The Wolves jumped out to a 22-18 lead early in the first half, keeping pace with Lady Techsters basket by basket. Then the shots stopped falling and Cheyney State fell behind. With Kim Mulkey leading and Janice Lawrence leading by 20 points, Louisiana Tech never looked back and won its first NCAA championship 76-62.
Despite the loss, Stringer was proud to be a part of such a historic moment.
“It’s always the first, and it’s like anything — the first love you have,” she says. †[I’m thinking during the game], I can’t believe I’m here. I’m at the Scope. Wow, we’re at the Scope.”
Pearman returned to the Final Four in 1989 as Maryland’s assistant coach, seeing how much the event had grown in just six years. Then she watched Oregon Sedona Prince’s video of the weight room at the 2021 NCAA tournament highlight the differences between the women’s and the men’s resources, accelerating the momentum behind the women’s game in a way she’d never seen before. seen.
“I think the biggest growth to date has come from COVID, because the women finally had the strength to speak up and say, ‘This isn’t okay anymore,’” Pearman said. “We are tired of being treated less. I think that can magnify the moment now, and people are doing so much more for these Final Four now than ever before.”
Haave sees it too. That’s why she makes it a point to regularly chat with her Metropolitan State players about the history of the game. She doesn’t want them to forget the pioneers, such as Kay Yow, Jody Conradt, Summit and Stringer, who propelled women’s basketball to where it is today.
“I watch Iowa play Creighton and it’s a full house. I mean, it’s great to see that,” Haave said of Creighton’s second-round victory in front of a sold-out crowd of 14,382 fans at the Hawkeye-Carver Arena. “I think we’re at a point now, with the focus on equality and diversity and inclusion in recent years, that we’re at a tipping point.”
The Women’s Final Four has come a long way since 1982, but is still not as highly regarded culturally and financially as the Men’s Tournament. Just this year, under pressure from the public and a report detailing the undervalued business opportunities in women’s basketball, the NCAA finally authorized the use of March Madness for promotion and marketing of the women’s tournament. And based on a letter sent by lawmakers to NCAA President Mark Emmert earlier this month to draw attention to “inadequate progress” in addressing inequalities, there’s still a lot of work to do.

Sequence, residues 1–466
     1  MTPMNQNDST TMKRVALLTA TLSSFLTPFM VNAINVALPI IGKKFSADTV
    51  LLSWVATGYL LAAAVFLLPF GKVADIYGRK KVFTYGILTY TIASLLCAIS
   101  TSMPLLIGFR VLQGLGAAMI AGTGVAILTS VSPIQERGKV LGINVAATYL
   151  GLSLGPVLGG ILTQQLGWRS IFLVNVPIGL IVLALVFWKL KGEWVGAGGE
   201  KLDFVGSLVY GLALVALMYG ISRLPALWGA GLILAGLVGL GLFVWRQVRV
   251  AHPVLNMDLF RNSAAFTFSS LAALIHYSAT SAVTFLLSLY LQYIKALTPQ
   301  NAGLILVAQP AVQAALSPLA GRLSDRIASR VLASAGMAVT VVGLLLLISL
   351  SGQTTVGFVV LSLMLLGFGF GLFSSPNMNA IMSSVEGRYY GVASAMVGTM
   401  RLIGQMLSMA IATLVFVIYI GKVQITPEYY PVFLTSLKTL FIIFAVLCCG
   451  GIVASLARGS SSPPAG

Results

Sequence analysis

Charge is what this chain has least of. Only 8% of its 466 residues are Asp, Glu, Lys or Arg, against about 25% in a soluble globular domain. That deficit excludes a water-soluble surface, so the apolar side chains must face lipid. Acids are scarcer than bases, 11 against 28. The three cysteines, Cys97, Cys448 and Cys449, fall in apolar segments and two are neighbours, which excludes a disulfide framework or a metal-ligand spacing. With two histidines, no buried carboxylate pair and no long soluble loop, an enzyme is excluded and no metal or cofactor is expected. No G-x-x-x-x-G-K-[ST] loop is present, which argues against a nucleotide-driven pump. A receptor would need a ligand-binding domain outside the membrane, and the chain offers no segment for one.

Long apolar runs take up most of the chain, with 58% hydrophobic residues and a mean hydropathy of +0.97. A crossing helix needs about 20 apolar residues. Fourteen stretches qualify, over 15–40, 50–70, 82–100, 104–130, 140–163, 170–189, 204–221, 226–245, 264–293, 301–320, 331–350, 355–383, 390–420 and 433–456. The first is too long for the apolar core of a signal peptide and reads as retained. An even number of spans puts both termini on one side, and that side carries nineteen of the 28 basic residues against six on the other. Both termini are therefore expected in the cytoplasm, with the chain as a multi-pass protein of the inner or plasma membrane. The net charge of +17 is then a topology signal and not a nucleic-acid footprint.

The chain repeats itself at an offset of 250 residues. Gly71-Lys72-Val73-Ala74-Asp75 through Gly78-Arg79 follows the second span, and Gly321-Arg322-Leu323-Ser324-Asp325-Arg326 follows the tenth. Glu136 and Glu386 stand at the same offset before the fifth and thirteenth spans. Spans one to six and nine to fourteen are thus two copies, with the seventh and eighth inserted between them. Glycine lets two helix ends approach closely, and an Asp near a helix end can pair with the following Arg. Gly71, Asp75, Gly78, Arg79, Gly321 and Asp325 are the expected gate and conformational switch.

“I don’t know if I’ll see equal footing in my life,” Pearman says bluntly. “We’re closing the gap, but it’s not just arenas or people in the stands. It’s game times, television opportunities all year round, and through the tournament and conference championships.”
Still, Pearman knows there is a special reason to celebrate the 2022 tournament, as South Carolina, Stanford, UConn and Louisville will compete in the Final Four in Minneapolis this weekend. Forty years ago, the path of women’s basketball changed forever, becoming an integral part of women’s sporting history and shaping the platform it stands on today.
“We all get together now and then and we still brag about it,” Pearman says. “We are proud of it.”
Lyndsey D’Arcangelo is a contributing writer at Just Women’s Sports, covering the WNBA and college basketball. She also contributes to The Athletic and is the co-author of “Hail Mary: The Rise and Fall of the National Women’s Football League.” Follow Lyndsey on Twitter @darcangel21†